Videocon ruling raises questions for India’s insolvency court
The Insolvency and Bankruptcy Code was supposed to provide swift and meaningful resolution to help get state-owned Indian banks back on their feet. Does a 95% haircut with questions around confidentiality achieve that?
State Bank of India, 18.05%: Voted for.
IDBI Bank, 16.06%: Voted for.
Union Bank of India + Corporation Bank + Andhra Bank, 9.07%: Voted for.
These lines come from a judgment in the National Company Law Tribunal, Mumbai Bench, under India’s Insolvency and Bankruptcy Code, and they refer to the resolution of a failed company called Videocon Industries.
The list goes on through 35 creditors; a few dissent (Bank of Maharashtra, IFCI, a couple more) and most of the tinier creditors abstain.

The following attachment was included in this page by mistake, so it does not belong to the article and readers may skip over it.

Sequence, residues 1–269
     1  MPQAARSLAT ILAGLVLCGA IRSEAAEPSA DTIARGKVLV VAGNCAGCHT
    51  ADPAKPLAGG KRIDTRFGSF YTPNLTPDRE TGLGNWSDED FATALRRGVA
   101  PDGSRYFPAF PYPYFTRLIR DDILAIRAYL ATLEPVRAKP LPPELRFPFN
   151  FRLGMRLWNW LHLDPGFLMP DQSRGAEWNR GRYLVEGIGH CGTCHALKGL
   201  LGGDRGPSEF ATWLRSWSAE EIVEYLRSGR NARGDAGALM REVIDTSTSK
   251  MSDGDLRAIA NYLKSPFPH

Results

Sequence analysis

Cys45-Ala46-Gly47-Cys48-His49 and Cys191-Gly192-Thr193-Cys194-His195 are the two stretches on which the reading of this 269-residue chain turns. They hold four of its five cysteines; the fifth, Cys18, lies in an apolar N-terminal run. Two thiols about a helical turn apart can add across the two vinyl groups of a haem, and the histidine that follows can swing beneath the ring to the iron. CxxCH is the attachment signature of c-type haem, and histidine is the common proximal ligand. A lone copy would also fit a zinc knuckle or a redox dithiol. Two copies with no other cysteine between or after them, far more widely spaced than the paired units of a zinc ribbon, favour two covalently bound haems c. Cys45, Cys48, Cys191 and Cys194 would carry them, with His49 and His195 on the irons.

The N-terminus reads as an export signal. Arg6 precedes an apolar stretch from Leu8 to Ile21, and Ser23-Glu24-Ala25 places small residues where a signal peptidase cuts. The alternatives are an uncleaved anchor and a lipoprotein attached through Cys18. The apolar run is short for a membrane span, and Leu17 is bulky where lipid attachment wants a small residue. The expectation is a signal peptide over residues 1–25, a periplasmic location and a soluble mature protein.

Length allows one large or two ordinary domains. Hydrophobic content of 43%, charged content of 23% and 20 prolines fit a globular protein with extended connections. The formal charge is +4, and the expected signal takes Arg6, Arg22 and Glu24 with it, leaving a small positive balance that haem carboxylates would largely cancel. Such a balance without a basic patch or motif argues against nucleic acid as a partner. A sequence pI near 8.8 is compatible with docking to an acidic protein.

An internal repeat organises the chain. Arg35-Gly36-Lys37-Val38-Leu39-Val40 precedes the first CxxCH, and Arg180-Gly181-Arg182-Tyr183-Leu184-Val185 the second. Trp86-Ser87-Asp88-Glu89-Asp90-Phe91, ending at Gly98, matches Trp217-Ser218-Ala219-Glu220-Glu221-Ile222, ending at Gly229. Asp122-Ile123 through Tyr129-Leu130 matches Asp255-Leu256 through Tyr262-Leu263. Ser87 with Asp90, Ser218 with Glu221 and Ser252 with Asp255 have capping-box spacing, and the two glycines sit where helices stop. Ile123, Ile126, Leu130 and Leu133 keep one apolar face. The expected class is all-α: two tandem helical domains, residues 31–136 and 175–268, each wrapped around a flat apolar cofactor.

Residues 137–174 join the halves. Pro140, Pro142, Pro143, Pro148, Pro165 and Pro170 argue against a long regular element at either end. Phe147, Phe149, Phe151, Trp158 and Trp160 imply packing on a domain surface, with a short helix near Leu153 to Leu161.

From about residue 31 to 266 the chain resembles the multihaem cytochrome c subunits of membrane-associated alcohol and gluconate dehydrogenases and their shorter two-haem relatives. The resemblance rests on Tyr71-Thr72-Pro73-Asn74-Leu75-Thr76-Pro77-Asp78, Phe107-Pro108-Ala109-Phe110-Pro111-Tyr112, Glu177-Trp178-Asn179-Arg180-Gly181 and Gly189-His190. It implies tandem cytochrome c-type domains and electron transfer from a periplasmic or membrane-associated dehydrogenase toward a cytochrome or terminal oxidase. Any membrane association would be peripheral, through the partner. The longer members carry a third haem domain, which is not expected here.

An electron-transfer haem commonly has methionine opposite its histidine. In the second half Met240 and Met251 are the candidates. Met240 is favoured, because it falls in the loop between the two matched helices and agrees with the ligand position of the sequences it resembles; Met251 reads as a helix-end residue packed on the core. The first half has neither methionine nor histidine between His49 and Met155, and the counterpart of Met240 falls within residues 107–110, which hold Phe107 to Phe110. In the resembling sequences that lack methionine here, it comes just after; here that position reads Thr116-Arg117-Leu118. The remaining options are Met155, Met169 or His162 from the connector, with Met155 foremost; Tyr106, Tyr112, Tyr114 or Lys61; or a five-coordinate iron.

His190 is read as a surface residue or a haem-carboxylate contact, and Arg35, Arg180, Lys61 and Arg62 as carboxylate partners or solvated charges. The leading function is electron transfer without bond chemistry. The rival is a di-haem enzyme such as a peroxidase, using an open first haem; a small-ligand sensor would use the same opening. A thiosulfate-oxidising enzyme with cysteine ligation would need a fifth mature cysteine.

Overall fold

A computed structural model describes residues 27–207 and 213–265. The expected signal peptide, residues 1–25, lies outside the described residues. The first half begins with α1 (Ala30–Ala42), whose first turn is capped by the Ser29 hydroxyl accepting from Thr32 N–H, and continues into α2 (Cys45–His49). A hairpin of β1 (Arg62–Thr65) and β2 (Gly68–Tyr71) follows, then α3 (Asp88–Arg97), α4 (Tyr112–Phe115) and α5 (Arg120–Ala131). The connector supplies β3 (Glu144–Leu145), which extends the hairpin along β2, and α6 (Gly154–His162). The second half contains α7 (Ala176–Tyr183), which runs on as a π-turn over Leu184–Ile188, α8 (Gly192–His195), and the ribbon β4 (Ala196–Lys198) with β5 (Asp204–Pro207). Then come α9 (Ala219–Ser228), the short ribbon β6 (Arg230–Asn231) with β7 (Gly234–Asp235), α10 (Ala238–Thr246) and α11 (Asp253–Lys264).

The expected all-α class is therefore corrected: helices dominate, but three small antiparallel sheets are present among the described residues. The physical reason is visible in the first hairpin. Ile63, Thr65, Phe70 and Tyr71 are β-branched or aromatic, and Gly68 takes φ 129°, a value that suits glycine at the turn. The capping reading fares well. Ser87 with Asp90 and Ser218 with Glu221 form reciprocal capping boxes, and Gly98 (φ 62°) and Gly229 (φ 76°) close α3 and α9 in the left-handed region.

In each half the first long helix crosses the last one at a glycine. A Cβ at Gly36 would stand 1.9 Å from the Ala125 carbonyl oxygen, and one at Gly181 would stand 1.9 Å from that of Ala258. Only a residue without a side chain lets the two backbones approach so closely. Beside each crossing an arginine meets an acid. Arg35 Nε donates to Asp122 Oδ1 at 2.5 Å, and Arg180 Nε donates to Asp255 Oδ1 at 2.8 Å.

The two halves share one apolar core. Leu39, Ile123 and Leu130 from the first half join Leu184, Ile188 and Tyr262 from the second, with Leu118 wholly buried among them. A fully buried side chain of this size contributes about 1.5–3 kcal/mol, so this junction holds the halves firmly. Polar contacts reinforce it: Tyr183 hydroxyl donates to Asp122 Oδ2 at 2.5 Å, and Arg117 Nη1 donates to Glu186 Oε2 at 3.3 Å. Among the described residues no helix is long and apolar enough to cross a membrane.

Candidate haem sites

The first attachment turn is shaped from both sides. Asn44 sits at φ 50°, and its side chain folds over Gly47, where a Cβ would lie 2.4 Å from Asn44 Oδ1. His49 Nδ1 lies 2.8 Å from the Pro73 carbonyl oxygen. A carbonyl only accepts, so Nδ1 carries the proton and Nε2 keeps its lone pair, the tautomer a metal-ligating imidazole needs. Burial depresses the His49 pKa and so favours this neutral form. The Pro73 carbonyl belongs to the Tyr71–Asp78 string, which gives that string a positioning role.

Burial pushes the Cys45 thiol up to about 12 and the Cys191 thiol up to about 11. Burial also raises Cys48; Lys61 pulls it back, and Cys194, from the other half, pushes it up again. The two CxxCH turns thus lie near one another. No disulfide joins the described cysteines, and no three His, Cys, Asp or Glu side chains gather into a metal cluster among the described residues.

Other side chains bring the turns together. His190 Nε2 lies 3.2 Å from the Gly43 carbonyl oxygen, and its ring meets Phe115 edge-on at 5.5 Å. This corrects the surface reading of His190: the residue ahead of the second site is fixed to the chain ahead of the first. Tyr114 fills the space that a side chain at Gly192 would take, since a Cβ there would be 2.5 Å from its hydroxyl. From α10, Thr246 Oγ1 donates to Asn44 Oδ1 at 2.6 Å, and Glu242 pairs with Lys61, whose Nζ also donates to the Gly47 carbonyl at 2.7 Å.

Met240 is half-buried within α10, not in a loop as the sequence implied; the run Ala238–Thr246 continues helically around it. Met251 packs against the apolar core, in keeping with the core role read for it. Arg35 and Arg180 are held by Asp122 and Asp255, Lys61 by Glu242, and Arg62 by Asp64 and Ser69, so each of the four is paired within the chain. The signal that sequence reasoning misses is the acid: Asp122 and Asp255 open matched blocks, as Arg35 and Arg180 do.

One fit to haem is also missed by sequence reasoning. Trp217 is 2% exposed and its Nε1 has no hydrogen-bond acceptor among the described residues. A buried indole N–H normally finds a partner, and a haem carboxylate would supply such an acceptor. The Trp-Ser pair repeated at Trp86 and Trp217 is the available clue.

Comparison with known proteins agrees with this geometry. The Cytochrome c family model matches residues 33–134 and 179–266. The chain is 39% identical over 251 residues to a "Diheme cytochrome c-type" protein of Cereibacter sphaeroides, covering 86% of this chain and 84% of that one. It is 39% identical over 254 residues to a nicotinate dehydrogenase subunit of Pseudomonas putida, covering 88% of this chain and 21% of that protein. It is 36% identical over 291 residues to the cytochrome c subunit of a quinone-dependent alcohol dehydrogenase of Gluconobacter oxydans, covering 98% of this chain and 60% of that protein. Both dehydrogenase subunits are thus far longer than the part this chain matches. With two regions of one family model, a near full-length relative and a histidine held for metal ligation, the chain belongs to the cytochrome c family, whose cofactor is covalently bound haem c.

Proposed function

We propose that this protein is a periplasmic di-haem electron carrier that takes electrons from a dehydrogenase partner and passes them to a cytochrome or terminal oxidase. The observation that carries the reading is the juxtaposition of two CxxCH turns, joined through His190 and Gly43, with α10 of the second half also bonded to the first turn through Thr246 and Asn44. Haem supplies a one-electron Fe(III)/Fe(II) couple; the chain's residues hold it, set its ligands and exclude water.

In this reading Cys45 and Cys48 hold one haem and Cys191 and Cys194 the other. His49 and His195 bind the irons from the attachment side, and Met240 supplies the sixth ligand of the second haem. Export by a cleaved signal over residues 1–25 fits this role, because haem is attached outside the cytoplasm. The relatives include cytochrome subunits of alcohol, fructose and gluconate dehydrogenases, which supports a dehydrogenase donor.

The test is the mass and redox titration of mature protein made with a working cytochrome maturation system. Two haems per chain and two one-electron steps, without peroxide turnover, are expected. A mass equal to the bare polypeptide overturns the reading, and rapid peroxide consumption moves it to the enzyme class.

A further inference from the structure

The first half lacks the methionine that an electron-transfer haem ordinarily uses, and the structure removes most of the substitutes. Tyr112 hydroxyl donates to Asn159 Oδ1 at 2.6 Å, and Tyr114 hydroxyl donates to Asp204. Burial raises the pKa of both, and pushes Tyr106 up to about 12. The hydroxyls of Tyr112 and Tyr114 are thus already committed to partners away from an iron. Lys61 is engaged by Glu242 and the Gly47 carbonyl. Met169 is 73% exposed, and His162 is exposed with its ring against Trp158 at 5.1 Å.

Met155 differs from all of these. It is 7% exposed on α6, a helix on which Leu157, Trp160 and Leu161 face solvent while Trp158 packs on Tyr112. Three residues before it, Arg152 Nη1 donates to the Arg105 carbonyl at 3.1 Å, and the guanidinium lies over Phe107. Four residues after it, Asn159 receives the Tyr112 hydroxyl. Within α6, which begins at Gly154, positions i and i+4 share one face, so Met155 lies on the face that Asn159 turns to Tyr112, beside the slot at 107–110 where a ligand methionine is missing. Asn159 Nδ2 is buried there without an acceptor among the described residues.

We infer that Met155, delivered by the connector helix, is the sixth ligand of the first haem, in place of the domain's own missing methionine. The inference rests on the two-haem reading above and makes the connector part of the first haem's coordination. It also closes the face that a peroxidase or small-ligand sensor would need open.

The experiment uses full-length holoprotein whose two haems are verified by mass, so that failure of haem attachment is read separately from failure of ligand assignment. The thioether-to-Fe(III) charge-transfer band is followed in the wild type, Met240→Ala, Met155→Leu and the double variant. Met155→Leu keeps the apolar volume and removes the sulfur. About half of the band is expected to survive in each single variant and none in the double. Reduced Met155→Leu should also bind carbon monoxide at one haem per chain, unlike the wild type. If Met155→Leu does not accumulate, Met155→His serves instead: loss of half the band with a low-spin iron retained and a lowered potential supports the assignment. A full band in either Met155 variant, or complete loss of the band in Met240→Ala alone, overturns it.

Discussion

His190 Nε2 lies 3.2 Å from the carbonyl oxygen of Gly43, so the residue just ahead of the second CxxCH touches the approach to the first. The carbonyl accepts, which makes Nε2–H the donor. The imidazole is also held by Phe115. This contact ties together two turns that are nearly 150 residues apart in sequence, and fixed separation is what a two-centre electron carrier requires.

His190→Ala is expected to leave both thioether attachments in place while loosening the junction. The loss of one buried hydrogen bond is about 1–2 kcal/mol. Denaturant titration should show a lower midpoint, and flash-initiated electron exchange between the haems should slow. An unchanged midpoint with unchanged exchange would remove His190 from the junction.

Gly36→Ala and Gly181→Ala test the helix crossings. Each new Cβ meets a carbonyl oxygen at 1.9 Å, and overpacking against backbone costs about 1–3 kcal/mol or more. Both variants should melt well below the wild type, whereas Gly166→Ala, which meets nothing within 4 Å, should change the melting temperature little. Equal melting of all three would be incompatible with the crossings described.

But, by and large, it’s a resounding 'yes': the top 14 creditors, with more than 95% of the voting share between them, vote in favour.
What have they agreed to? A haircut of more than 95%.
The buyer of Videocon and a clutch of merged businesses within it is Anil Agarwal’s Twin Star Technologies, linked to the Vedanta Group, and he will be paying Rs29.62 billion ($400 million), compared with admitted claims by the creditors of Rs648.38 billion.
And that’s the assenting, secured, financial creditors.